Saturday, June 07, 2014

Physicist Michio Kaku Explains Consciousness for You

Hmmm . . . a physicist explaining consciousness. Interesting leap from one field to another on the part of one of the most successful science writers for a public audience. I have his new book, The Future of the Mind: The Scientific Quest to Understand, Enhance, and Empower the Mind, but I have not made time to read it.

Here is his "space-time" definition (theory) of consciousness:
consciousness is the set of feedback loops necessary to create a model of our place in space with relationship to others and relationship to time
That is nice, simple utilitarian view of consciousness, an attempt to answer the "what does it do?" question. But it fails to confront (and nothing below suggests he even addresses) the "hard problem" of consciousness, i.e., HOW does it arise, how does a 3.5 lb lump of tissue see and feel the color red? It does not address "why there is “something it is like” for a subject in conscious experience, why conscious mental states “light up” and directly appear to the subject."

His model also does not account for the existence of art or the desire to transcend waking states of consciousness. In the interview below, he addresses the "how" of humor and jokes, but not the "why" - why do we make humor and jokes, what purpose does it serve within a model of consciousness that is fundamentally about orienting us in space and time?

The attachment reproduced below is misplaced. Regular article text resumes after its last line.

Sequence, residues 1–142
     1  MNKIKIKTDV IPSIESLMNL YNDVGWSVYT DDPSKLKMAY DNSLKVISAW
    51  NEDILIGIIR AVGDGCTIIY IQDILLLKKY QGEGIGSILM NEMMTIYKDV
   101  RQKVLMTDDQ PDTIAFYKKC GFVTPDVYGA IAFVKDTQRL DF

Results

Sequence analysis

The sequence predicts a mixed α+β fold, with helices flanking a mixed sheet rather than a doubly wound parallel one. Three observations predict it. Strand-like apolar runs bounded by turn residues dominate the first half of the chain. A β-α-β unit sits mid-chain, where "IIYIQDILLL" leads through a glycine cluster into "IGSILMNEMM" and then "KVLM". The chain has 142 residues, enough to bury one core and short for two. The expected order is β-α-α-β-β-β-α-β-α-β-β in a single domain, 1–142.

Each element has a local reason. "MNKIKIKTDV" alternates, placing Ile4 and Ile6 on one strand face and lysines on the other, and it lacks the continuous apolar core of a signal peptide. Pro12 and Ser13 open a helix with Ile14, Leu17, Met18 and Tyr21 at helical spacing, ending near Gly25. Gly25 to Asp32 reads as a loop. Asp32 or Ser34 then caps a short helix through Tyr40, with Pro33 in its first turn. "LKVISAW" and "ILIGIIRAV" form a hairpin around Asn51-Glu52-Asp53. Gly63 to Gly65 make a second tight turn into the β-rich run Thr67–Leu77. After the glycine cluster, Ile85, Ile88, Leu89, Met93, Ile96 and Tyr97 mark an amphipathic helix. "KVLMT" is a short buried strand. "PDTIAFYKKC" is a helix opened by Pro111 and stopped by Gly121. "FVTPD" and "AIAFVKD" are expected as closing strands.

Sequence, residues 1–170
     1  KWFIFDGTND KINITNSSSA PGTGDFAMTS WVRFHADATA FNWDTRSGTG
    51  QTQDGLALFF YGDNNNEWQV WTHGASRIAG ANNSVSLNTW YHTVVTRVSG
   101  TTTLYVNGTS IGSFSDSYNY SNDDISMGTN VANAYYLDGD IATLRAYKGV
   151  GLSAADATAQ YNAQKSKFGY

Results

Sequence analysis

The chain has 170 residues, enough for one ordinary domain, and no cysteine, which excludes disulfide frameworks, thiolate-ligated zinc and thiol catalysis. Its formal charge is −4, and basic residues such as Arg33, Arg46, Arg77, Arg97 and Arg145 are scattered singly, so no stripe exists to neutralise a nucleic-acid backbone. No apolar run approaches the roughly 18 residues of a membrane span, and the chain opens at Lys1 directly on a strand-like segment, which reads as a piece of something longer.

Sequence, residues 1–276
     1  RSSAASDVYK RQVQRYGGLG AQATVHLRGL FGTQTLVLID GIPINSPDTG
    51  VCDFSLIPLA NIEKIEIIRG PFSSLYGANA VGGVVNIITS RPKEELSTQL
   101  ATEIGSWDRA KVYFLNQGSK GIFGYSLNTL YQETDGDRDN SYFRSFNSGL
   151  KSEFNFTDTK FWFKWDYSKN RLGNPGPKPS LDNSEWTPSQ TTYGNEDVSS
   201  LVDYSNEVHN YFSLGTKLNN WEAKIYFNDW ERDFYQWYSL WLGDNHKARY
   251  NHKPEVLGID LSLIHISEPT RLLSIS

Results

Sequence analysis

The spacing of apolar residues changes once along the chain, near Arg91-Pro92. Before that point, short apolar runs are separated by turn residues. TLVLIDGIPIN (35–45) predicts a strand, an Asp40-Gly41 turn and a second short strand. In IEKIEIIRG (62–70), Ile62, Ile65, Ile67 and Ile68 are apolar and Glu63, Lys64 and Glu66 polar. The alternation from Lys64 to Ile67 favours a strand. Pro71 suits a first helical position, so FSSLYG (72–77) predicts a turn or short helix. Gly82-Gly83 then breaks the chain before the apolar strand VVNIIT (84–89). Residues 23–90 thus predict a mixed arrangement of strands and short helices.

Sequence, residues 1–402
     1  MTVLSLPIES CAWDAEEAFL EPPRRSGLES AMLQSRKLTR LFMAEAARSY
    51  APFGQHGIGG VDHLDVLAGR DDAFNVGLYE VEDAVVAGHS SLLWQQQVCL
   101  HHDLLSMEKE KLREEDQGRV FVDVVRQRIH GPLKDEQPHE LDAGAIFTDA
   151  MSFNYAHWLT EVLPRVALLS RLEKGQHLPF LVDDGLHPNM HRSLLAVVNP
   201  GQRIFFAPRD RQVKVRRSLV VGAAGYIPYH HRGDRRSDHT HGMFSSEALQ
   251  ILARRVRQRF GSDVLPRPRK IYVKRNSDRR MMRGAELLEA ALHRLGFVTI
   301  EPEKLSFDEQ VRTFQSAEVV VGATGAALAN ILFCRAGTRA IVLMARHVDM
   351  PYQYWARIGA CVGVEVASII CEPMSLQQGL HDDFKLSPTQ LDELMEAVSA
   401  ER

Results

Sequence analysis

Perhaps I am being unfair, having not read the book, but what I see in the interview below does not inspire me to move the book up list of things to read.

Michio Kaku Explains Consciousness for You

The gregarious physicist gets inside our brains.

By Luba Ostashevsky and Kevin Berger | June 5, 2014

The first thing we asked Michio Kaku when he stopped by Nautilus for an interview was what was a nice theoretical physicist like him doing studying the brain. Of course the outgoing Kaku, 67, a professor at City College of New York, and frequent cheerleader for science on TV and radio, had a colorful answer. He told us that one day as a child in Palo Alto, California, when the hometown of Stanford University was punctuated by apple orchards and alfalfa fields, he was struck by an obituary of Albert Einstein that mentioned the question that haunted the twilight of the great physicist’s life: how to unify the forces of nature into a “unified field theory.” Kaku, who in 2005 published a book on Einstein, and is a proponent of string theory in physics, has devoted his entire career to solving Einstein’s conundrum. But along the way, Kaku said, he has been fascinated by the other great mystery of nature: the origin of consciousness. In his new book, The Future of the Mind, Kaku has turned the physicist’s “rigorous” eye on the brain, charting its evolution, transformations, and mutations, arriving at futuristic scenarios of human brains melded with computers to amplify collective memory and intelligence. We found the book insightful and engaging and were struck by the confidence with which Kaku explains the nature of consciousness. He answered our questions with zest and insight—stirring, we might imagine, controversy among neuroscientists.

What’s a nice theoretical physicist like you doing studying the brain?